and it will take quite awhile for other sending software to
start signing, too. shall we try to compensate for them, too,
Please explain what you mean by 'other sending software'.
I meant it as a generic comment. There are millions of independent
components that will probably adopt this over time. Designing
something that hacks around a subset of them leaves us with a
long-term mechanism that is really only that -- a hack.
Again, what is special about mailing lists is that they are in
series with the message path.
You are conflating two logical layers. One is basic message transfer
from an originator to a recipient. The layer above that involves
human group communication, with quite a wide variety of scenarios.
Mailing lists instantiate only one, simple form of such
communications. We should avoid jerking around the lower-email layers
to handle that one case, no matter how wonderfully popular it is now.
If 'p1' represents the fraction of
messages that are signed, and 'p2' represents the fraction of
mailing lists that re-sign messages. In order to avoid damaging
the reputation of the mailing list, assume it only sends signed
messages when it receives a signed message.
This is really an excellent, additional demonstration of why we need
to view mailing lists as end-points for signing mechanisms:
mailing lists are going to have their own signing policies and we
need to avoid the confusion that will ensue from having multiple
authorities claiming responsibility for the message.
Let's remember that this mechanism is only concerned with basic
transfer across the net, rather than long-term, broad responsibility
for the content.
If we're able to get signed messages to pass through half of the
mailing lists, then this improves to p1*p2+p1*(1-p2)/2, or 12% in
I don't understand the context of this sort of numerical analysis.
How does it relate to the 1billion mail users we currently have and
their own adoption of the mechanism?
By the way, can you cite an example of a similar design and deployment
scheme for upgrading an application on the net?
what is significant about the current thread is the nature of
the analysis that needs to be done, to handle the changes a
mailing list can introduce into a previously-signed message.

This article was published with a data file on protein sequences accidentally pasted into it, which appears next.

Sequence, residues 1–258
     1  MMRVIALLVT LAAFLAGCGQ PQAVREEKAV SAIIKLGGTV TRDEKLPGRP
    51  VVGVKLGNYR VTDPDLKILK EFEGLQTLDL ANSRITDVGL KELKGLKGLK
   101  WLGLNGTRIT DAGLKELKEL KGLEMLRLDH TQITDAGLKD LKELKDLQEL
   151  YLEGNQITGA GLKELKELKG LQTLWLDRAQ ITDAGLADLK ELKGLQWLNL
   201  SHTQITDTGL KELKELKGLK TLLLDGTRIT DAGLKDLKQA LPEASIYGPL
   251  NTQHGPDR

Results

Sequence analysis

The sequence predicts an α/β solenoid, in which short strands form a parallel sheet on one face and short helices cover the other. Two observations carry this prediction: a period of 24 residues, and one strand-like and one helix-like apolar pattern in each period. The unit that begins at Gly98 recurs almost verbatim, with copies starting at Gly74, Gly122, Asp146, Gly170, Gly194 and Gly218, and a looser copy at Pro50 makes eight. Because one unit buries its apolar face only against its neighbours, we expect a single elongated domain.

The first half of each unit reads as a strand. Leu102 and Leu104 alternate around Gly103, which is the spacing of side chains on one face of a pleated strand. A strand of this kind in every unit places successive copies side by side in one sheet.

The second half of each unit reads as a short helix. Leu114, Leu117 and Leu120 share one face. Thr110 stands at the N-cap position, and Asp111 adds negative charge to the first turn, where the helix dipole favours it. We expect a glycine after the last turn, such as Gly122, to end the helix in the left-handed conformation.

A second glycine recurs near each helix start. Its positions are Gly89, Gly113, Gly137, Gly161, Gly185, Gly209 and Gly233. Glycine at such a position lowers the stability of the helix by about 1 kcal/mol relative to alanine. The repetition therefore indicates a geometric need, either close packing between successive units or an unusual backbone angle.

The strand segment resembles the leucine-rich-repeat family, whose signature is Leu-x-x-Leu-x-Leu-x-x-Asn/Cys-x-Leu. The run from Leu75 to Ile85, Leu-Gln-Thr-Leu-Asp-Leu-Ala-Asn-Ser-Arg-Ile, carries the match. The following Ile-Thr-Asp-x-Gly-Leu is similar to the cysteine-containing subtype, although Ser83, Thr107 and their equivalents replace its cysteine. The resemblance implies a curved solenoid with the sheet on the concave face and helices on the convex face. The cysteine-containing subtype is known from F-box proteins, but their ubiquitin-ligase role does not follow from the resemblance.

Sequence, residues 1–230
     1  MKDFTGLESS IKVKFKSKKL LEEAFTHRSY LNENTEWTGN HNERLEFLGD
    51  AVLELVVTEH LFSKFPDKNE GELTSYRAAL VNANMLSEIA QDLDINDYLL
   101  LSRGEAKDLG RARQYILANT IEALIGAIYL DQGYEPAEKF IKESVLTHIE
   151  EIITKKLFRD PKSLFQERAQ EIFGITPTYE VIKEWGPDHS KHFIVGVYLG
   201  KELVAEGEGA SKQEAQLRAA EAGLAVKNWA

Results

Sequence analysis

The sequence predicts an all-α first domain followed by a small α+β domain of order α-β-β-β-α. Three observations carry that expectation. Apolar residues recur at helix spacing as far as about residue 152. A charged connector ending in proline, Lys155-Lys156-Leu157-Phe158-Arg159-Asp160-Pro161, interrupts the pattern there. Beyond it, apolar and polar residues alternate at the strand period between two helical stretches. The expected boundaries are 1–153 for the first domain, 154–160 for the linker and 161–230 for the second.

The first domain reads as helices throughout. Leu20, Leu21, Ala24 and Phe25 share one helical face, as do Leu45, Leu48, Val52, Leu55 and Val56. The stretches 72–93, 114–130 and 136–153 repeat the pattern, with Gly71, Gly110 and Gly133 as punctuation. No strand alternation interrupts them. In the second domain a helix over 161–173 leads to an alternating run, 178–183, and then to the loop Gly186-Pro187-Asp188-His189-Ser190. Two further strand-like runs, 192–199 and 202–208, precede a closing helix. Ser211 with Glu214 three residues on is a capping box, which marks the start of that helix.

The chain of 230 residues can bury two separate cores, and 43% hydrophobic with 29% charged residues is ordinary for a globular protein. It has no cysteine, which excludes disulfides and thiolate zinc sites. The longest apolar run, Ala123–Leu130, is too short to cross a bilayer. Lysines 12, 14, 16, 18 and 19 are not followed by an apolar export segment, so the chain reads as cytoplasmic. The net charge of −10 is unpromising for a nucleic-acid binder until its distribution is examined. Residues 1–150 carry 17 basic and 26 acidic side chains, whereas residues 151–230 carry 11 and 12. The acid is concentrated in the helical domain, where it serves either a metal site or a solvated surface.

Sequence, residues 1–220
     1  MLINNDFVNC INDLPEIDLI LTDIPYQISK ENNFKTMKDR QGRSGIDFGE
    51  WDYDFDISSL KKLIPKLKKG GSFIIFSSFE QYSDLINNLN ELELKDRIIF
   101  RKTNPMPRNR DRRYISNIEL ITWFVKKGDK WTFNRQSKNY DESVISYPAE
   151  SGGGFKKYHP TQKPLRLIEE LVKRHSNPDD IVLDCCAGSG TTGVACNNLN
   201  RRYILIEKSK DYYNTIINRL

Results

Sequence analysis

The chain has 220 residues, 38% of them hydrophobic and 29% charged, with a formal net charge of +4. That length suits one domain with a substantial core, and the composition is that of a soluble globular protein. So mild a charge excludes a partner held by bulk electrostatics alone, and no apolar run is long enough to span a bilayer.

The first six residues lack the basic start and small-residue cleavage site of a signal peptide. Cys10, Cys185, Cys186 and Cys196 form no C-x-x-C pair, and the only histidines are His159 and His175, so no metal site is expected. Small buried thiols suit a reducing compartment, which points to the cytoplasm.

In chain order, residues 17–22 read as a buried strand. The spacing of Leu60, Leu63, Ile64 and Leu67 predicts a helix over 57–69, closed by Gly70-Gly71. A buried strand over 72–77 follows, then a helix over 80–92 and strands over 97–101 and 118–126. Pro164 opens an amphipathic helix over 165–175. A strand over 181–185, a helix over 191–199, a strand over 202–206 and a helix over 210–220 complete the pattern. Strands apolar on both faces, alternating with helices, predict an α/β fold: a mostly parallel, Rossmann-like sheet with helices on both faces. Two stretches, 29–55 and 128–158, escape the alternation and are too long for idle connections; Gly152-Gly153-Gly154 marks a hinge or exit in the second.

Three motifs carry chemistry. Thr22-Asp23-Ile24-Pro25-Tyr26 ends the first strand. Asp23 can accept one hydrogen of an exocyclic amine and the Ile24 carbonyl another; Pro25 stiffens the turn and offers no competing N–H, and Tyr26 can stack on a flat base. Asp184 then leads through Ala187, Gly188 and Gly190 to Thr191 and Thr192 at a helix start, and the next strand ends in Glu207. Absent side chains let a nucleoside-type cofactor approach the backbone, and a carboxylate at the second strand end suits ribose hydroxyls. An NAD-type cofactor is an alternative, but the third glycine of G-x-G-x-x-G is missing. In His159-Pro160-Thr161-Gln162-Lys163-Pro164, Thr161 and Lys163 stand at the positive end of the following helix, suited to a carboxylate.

internet standards that rely on these kinds of statistical and
case analyses make for complex, problematic implementation and
We are proposing no statistical analysis as part of IIM; you're
You just did it above and in general the discussion has talked about
working with "most" mailing lists. The word "most" is statistical.
making it sound like we're proposing something like Bayesian
I am making it sound like this entire line of effort is a hack to get
around a particular set of transition issues, rather than constituting
a clean mechanism for performing a necessary, core function.
I say "necessary, core function" because the track record of failure
with Internet security mechanisms and the need for working with a
very, very large installed base is normally taken to dictate that a
change be as small and simple as possible.
BTW, what about the canonicalization that is proposed in both IIM
and DK: do you advocate eliminating that as well?
If there were even the slightest chance of getting ANY utility out of
this, then yes I would. However the need for canonicalization -- and
the very serious difficulties with getting a satisfactory algorithm --
should serve as an example of the reason that "adjusting" to wildly
variant application behaviors is a very bad idea when designing an
"complex, probleman implementation and testing" is a code-
phrase for "difficult to adopt and make interoperate on large
anyone with internet-scale testing, deployment and use
experience to the contrary should speak up.
we probably have different experiences in getting successful internet
applications adoption, especially when changing a large installed
Again, disagree with the premise that this is complex. In calling
this problematic, you show that you have already made a judgement.
it is difficult to offer meaningful critical comments of something
without forming some judgements about it.
dcrocker a t ...